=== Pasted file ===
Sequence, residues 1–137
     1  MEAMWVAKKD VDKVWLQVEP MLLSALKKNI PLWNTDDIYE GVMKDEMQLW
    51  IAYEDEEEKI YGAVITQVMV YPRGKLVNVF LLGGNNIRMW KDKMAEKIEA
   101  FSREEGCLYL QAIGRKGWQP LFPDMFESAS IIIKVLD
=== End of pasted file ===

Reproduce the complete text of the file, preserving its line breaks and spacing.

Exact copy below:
Sequence, residues 1–137
     1  MEAMWVAKKD VDKVWLQVEP MLLSALKKNI PLWNTDDIYE GVMKDEMQLW
    51  IAYEDEEEKI YGAVITQVMV YPRGKLVNVF LLGGNNIRMW KDKMAEKIEA
   101  FSREEGCLYL QAIGRKGWQP LFPDMFESAS IIIKVLD